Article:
In Iowa, which bars sex offenders from living within 2,000 feet of schools or day care centers, police and prosecutors have concluded that such residence restrictions do not prevent recidivism, since people can readily travel beyond their immediate neighborhoods, and that they discourage registration. After Iowa's law took effect, the number of sex offenders whose whereabouts were unknown more than doubled.

Last year the chief sponsor of Iowa's law, state Sen. Jerry Behn (R-Boone), conceded that he may have gotten a bit carried away. "If you draw a map, pretty soon you can make it so no area in town is available to live in," he told The Atlanta Journal-Constitution. "It would have been better if we had put it at 1,000 feet."

But who can be bothered to look at a map when there's important grandstanding to be done? "The bottom line," Behn explained, "is it's all about protecting children." Or seeming to.

© Copyright 2007 by Creators Syndicate Inc.

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  • ||

    They should have a drug dealers registry. That way people would know who in their neighborhood dealt drugs. It's for the children.

  • Episiarch||

    They should have a drug dealers registry.

    This could prove...useful. As long as it had phone numbers, addresses, and hours of "operation".

  • ed||

    I'd like to see a registry of all dentists in my area.
    You just can't trust 'em, the pick-wielding pervs.

  • ||

    Can we have a politician registry, and ban them from living within 2,000 feet of a church, day car center, or school?

  • Deric Ondero||

    You motherfuckers don't even realize that some of these sex offenders are ISLAMOFASCISTS who are PLOTTING TO DESTROY OUR WAY OF LIFE!!!

    I am so FUCKING SICK of you PACIFIST PUSSIES trying to destroy MY MOTHERFUCKING LIBERTARIAN MOVEMENT! I take dumps that are more impressive LIBERTARIAN MOVEMENTS than anything you MOTHERFUCKERS have ever accomplished.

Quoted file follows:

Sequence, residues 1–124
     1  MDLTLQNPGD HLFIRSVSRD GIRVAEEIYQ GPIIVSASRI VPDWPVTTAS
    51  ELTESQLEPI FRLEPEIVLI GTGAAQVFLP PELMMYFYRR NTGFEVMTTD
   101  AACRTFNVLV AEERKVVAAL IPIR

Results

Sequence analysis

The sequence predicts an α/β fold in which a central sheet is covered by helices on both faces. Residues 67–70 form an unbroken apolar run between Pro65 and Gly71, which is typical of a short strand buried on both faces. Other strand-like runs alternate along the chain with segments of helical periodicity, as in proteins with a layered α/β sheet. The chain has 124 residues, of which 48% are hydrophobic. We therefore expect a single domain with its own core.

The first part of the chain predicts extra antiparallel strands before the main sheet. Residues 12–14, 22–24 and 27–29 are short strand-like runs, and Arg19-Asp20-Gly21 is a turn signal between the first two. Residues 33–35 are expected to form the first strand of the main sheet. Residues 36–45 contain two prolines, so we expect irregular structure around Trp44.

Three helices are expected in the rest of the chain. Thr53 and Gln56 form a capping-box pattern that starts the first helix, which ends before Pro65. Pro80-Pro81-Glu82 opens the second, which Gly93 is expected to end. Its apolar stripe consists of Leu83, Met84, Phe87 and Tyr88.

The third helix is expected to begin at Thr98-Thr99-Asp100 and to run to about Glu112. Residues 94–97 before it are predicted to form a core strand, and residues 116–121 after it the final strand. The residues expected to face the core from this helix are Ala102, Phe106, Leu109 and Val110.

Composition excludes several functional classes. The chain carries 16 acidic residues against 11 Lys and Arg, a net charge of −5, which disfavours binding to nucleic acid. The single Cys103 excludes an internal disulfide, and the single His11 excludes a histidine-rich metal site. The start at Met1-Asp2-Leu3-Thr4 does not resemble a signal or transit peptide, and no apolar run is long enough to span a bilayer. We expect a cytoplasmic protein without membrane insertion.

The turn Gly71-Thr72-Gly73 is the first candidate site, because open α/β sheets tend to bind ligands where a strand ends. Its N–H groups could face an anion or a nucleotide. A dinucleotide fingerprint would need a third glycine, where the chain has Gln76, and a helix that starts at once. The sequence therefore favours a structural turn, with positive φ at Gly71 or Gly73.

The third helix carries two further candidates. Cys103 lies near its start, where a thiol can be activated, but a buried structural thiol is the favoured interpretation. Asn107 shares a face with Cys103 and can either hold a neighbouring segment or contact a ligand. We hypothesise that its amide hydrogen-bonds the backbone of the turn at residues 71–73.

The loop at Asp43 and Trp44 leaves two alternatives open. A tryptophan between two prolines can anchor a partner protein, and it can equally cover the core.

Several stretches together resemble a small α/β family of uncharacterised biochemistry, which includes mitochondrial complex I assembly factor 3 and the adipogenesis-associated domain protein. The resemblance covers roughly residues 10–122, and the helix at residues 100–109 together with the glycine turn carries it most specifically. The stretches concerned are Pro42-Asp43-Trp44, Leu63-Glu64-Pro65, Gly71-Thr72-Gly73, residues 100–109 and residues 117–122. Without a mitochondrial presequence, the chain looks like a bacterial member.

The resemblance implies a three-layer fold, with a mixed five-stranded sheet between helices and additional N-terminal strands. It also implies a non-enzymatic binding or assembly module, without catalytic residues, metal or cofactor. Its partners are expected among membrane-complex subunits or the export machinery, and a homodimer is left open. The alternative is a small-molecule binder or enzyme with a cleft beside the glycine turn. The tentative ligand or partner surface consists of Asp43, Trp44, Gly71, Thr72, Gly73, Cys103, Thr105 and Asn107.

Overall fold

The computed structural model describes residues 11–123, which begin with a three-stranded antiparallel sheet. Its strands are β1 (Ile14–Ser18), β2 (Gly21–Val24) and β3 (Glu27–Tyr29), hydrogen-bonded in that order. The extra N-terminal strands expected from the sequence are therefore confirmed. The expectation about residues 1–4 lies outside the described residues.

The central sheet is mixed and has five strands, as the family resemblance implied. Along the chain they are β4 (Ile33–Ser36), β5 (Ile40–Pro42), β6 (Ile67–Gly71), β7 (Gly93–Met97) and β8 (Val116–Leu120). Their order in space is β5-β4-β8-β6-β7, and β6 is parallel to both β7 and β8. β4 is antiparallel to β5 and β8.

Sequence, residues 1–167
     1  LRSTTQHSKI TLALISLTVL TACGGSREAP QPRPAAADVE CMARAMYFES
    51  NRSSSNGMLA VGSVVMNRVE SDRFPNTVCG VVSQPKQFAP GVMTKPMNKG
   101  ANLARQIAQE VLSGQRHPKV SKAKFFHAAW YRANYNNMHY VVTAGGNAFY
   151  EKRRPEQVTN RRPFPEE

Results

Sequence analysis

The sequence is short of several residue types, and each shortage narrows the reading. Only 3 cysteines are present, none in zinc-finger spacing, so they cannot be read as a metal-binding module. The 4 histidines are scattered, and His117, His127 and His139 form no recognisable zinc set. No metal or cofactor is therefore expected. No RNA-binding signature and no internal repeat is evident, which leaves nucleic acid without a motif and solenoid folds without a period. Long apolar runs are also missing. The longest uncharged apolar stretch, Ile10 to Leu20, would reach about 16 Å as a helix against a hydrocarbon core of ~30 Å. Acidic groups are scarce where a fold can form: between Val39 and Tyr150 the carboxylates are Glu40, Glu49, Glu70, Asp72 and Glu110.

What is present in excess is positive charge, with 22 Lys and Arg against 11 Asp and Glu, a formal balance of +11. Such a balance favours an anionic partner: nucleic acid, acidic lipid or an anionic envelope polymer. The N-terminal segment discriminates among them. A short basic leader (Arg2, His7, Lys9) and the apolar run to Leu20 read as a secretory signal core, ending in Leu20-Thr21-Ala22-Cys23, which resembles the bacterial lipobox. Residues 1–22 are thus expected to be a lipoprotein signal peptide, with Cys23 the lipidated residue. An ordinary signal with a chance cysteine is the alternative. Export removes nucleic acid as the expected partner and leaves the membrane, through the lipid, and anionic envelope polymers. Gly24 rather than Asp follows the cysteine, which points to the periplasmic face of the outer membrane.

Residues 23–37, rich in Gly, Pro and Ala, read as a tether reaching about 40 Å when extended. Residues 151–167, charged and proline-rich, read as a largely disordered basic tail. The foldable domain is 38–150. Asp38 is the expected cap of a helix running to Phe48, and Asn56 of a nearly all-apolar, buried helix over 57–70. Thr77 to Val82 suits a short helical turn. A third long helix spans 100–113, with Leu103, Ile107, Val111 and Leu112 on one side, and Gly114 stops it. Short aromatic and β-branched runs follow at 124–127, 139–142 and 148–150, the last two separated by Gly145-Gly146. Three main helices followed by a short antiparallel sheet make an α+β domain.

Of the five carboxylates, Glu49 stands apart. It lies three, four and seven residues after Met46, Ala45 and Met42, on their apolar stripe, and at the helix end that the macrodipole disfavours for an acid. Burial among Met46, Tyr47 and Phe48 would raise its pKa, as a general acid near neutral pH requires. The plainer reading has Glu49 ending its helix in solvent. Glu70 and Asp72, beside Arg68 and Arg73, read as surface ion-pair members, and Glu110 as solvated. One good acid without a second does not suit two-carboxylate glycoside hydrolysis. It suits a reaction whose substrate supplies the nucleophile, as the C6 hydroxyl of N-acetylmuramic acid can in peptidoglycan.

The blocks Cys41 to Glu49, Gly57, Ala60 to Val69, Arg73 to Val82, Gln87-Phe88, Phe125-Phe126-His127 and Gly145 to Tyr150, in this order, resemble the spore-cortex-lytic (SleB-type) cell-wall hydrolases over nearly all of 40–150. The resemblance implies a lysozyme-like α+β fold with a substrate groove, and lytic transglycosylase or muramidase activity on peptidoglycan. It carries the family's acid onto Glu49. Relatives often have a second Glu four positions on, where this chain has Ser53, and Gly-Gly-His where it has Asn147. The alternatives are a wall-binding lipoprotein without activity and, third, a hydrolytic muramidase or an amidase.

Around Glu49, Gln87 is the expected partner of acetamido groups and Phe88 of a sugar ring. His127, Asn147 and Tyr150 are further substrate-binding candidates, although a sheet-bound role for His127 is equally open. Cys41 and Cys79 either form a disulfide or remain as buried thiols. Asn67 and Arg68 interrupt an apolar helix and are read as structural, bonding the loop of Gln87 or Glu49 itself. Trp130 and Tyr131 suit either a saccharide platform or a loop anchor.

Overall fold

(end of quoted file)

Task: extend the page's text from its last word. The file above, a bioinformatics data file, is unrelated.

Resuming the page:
• ||

    I would like a prostitute registry, with prices, coupons, and hours of operation available.

  • jtuf||

    Deric,

    If an offender is still dangerous to others, keep him in jail. What type of logic says a convict is too dangerous for one neighborhood but safe enough to release from prison into another town?

  • ||

    Well played, Deric. Made me chuckle once I took a closer look at the name.

  • ||

    It is totally unacceptable to create registries of any group of people in particular. If you have endured a prison sentence you are free and clean, you have paid your debt. If you still pose a danger to society, stay in jail. If not go out and live a normal life. If we punish people forever there is no justice, and no incentive to try and behave. There is by the way no more sex offenders in the US than in other parts of the World. But as the age of consent often is lower here in the US, teenagers are branded as sex offenders. I am a sex offender, too. I had sex when I was 13, with a 16 year old woman. But luckily that was in a country where the authorities are not uptight and "see" sex offenders everywhere. America, snap out of it! (by the way yes, I am an American citizen today).

  • ||

    I actually wouldn't have a problem with the registries if:

    1) If it was restricted to truly predatory sex offenders -- violent rapists (actual rape, not statutory rape) and predatory child molesters. Not even child molesters who prey on their own families, since they're likely not a danger to anyone else.